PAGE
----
But, often the term innovation gets confused with creativity, according to Barry Conchie, principal leadership consultant at Gallup and a speaker at the event. 'Let's be clear: Innovation and creativity are not the same thing,' Conchie said. 'Creativity may spur innovation, but there's an element of action missing there.'

The difference is that innovation actually brings ideas to life. 'You can't get innovation without a groundswell of creativity,' Conchie said. 'But you [must] turn creativity into something that has an impact beyond the conversation you had about the idea.' Innovation is more than an idea -- it takes place when great ideas actually happen and make their mark on the world.

In the past, most businesses have focused on continuous improvement of their products and services to maintain a competitive edge. But in today's economy, that's not always enough, Clifton said. As the agriculturalists of the past had to literally break new ground to expand their trade, today's businesses must come up with new ideas, rather than settle for marginally better ideas. In Clifton's words, ' Better doesn't work anymore. Different does.'

If innovation is today's hot commodity, how can business leaders harvest it? They must create conditions in which innovation can thrive in their companies. Below are the four drivers of innovation, as identified by executives and thinkers who spoke at the event.


Driver #1: Finding and fostering talent

According to Clifton, four types of people drive innovation: inventors, entrepreneurs, extreme individual achievers in their fields (such as the arts, entertainment, or sports), and super mentors. 'The theory is that where these people settle is where new economic empires will be built,' Clifton said. 'And they go where there is other talent like them.' (See 'Is the U.S. Losing its Competitive Edge?' and 'Managing Those Creative Types' in the 'See Also' area on this page.)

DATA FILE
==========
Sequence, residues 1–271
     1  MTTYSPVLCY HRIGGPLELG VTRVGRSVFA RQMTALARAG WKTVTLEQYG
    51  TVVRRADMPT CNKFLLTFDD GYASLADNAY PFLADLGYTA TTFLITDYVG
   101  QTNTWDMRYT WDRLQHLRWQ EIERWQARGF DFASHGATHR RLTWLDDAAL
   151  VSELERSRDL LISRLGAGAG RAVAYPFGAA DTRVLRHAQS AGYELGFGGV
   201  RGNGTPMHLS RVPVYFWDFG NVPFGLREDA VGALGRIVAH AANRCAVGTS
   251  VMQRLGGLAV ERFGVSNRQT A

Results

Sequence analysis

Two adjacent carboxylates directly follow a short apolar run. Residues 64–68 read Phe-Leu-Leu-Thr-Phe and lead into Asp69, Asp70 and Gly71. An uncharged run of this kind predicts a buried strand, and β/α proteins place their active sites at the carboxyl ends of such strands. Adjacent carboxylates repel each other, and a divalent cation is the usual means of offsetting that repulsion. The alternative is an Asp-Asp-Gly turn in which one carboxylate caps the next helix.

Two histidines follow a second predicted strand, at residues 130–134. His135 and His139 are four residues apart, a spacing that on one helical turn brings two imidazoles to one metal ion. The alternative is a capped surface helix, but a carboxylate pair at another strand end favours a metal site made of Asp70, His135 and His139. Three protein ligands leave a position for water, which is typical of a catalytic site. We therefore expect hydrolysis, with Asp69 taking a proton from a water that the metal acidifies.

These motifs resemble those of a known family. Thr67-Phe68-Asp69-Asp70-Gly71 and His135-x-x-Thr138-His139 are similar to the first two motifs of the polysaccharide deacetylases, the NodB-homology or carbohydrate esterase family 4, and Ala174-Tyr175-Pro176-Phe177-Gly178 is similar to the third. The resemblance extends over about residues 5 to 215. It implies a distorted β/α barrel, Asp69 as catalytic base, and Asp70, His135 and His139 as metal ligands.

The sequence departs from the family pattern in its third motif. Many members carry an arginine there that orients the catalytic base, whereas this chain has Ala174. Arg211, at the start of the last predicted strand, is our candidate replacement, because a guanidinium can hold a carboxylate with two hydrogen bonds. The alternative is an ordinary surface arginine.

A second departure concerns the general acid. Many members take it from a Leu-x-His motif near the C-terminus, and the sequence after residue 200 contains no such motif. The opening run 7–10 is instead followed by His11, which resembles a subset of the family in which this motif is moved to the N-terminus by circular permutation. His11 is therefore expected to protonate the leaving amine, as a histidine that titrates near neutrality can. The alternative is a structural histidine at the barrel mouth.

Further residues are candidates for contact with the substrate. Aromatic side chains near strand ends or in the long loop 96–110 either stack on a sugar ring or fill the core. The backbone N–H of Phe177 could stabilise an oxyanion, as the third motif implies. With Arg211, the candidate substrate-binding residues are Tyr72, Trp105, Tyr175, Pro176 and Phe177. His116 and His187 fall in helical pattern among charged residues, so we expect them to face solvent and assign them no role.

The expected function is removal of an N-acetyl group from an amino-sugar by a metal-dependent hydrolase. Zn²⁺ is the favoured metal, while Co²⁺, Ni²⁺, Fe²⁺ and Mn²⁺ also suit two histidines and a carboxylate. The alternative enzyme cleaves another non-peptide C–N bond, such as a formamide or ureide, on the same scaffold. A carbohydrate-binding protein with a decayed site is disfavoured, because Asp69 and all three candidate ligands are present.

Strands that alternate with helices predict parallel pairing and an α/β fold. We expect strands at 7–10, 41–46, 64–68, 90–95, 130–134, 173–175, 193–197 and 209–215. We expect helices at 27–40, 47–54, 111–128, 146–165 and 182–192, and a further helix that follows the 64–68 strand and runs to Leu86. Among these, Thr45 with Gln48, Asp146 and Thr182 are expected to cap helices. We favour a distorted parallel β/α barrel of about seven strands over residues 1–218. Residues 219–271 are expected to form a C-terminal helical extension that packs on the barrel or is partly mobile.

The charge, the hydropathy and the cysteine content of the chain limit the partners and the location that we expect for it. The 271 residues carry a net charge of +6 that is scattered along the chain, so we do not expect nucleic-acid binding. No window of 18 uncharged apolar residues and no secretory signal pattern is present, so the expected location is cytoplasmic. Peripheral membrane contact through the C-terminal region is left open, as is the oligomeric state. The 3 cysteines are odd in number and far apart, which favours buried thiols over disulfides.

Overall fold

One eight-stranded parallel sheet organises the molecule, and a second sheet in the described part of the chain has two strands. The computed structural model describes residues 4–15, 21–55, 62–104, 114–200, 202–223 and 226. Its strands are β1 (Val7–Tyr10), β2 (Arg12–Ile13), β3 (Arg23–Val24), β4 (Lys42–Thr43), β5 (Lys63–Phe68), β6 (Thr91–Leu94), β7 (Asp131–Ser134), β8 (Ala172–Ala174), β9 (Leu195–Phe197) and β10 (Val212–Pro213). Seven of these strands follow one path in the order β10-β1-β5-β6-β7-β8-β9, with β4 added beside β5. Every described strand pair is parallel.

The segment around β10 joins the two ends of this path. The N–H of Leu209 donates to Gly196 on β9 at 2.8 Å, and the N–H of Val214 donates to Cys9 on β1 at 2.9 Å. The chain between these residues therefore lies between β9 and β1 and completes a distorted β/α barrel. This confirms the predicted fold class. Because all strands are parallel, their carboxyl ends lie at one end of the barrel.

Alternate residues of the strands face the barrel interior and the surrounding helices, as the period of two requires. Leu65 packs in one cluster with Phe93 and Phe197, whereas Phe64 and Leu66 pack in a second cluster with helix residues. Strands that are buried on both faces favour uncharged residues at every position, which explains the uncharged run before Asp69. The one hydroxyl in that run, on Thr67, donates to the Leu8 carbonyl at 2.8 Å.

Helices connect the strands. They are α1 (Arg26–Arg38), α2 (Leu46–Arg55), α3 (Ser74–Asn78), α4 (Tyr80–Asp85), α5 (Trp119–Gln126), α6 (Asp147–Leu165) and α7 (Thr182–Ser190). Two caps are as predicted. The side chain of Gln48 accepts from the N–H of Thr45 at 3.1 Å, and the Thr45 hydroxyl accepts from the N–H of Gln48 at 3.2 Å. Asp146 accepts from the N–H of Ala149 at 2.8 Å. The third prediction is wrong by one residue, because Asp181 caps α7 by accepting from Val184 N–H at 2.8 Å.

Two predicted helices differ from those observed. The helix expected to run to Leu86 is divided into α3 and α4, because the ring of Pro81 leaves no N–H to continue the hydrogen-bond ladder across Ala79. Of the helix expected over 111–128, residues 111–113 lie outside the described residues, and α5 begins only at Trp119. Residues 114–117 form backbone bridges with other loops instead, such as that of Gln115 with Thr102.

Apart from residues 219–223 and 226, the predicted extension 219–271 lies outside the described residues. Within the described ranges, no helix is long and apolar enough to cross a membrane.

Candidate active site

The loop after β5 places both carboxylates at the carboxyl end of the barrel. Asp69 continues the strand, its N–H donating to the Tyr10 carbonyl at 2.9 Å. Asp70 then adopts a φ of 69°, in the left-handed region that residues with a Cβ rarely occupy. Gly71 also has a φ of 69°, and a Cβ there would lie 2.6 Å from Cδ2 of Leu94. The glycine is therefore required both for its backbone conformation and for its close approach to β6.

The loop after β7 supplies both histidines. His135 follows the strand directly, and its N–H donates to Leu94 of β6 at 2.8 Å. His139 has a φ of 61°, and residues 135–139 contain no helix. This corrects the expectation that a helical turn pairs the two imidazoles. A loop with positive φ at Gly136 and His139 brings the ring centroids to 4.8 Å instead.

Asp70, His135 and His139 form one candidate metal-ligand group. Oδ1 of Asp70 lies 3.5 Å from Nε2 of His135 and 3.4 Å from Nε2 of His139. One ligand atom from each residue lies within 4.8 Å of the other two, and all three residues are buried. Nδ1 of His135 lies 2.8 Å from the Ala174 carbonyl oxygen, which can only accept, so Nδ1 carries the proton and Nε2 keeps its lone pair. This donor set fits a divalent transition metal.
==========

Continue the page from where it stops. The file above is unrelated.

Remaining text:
Marla Mayne, senior vice president of retail lending at U.S. Bank, knows the importance of hiring the right talent -- people who, based on the way they naturally think, feel, and behave, are likely to be top performers in their field. Her company was looking for sales talent, but even some of the most experienced salespeople weren't superb performers. 'One gentleman had results and more than ten years of experience. But just because your stock did well before doesn't mean it will in the future,' she said.

That's when Mayne realized she needed to focus on hiring only what she calls 'A's' -- the very top talent in sales. Rather than having a staff of 50% A's, she asked herself how she could hire a greater percentage of top performers.

Using selection practices that identify candidates who are most like the best in their roles based on their natural talents, Mayne was able to identify and hire top talent. 'We're hiring an 'A' team, and we'll have one thousand loan officers outproducing a company with three thousand loan officers,' she said.